Then I happened to glance over in the corner to see our AdWord show up against the search. At OpenNMS we don’t have any full-time sales and marketing people, but we got a coupon for some free AdWord links and decided to have some fun with it. This was one of mine (although I must admit I stole it from a quote featuring “I Can Haz Fiev Niens?”).

Should I quit my day job?

Rental Car FAIL

While does Thrifty think I need to carry around two huge remote/key things for the car? In case I lose one? It might help if I could actually separate ’em, but as it is if I lose one I lose them both.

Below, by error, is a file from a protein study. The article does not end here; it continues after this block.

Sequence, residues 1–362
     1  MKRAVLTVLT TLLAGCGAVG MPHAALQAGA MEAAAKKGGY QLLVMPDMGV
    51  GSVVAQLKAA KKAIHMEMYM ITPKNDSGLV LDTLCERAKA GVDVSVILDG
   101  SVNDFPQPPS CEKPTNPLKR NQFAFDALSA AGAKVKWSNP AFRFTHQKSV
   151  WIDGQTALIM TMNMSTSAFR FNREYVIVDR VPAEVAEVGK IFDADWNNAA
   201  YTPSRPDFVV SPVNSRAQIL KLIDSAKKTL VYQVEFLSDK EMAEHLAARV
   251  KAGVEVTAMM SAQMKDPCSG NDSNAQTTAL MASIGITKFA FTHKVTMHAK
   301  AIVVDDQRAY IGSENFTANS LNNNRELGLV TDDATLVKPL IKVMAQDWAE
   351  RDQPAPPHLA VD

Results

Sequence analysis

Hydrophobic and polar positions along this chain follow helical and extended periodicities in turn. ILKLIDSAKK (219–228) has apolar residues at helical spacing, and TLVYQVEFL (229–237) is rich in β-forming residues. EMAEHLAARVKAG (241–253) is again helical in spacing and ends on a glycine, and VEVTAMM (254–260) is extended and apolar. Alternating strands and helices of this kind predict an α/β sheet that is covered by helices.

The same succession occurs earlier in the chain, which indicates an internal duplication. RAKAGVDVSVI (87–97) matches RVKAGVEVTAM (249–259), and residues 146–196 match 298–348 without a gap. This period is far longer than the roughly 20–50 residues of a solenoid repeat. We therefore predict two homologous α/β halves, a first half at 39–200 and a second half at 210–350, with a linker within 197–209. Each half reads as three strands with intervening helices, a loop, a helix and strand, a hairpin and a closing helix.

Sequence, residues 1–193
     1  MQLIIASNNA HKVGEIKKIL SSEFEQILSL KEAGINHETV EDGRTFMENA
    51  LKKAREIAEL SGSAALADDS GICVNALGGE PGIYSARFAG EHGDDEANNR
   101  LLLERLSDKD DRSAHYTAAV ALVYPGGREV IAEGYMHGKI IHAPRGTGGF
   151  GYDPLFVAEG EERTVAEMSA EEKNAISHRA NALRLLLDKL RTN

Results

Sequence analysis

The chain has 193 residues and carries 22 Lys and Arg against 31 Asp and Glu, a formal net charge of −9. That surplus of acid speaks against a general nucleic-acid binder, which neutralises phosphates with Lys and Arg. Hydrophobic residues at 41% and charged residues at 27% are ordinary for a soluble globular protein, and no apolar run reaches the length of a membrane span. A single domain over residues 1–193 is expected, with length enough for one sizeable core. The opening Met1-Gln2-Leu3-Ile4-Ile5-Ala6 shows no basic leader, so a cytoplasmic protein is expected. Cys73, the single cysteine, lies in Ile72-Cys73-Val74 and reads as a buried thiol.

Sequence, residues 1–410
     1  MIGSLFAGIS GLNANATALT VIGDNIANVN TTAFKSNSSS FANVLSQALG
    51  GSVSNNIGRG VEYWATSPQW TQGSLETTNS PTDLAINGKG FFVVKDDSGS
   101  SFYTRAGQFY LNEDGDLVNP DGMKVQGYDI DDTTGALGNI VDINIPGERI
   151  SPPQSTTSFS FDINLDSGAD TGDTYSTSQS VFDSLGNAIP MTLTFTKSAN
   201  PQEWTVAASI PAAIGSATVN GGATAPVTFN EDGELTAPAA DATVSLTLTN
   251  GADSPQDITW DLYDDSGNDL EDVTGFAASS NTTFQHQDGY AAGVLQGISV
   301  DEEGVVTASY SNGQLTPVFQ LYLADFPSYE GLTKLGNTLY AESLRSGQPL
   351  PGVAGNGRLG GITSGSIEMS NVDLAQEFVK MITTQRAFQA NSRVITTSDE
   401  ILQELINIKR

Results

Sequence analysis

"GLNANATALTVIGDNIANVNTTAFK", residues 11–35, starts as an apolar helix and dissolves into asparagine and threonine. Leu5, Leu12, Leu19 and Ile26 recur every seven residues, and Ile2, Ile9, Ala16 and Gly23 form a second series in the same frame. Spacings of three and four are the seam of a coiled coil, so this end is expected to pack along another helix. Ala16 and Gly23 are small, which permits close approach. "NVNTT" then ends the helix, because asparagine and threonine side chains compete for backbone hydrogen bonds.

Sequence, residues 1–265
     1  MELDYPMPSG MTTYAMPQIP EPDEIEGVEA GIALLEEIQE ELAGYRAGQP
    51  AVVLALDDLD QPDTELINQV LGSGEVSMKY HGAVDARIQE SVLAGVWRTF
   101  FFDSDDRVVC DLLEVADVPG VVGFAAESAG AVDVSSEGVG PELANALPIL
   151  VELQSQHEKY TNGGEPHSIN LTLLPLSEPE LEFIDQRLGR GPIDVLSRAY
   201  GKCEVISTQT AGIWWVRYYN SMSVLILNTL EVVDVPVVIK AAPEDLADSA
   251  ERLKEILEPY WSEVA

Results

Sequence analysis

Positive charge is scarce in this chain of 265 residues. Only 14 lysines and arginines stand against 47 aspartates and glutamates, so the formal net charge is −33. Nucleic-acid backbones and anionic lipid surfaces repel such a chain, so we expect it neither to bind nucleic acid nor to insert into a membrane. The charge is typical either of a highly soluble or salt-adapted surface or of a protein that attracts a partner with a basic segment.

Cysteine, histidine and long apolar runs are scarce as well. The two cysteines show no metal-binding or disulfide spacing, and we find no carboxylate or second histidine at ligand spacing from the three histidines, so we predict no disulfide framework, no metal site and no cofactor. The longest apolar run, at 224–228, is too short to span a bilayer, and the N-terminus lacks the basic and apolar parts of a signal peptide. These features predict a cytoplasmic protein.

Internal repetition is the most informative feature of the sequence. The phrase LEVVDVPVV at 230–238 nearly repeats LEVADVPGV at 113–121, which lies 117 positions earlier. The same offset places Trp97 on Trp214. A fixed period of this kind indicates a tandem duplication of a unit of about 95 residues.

Airport Security

When I went through airport security this morning I got the extry special screening. I am carrying some oddly shaped gifts to a friend in Germany so I expected my carry-on bag to get some attention, but they also checked my laptop bag.

Actually, the lady held it up and announced, “Spaghetti Bag!”.

So, okay, I carry lots of wires and connectors and stuff.

I just realized something both funny and scary. When I travel I like to wear a jacket that I also use when I ride my motorcycle. It works in good and bad weather and it has a removable lining that’s really warm. We’ve had nice weather so I’ve been riding a lot lately.

Well, I keep one of those old-school large garage door openers in the pocket of the jacket so I can open the door while on the bike. I meant to take it out before I left, but here I am, traveling to and in a different country, with what looks like a large remote control button (which, in fact, it is).

No one has questioned me yet, so let’s see if it makes it home.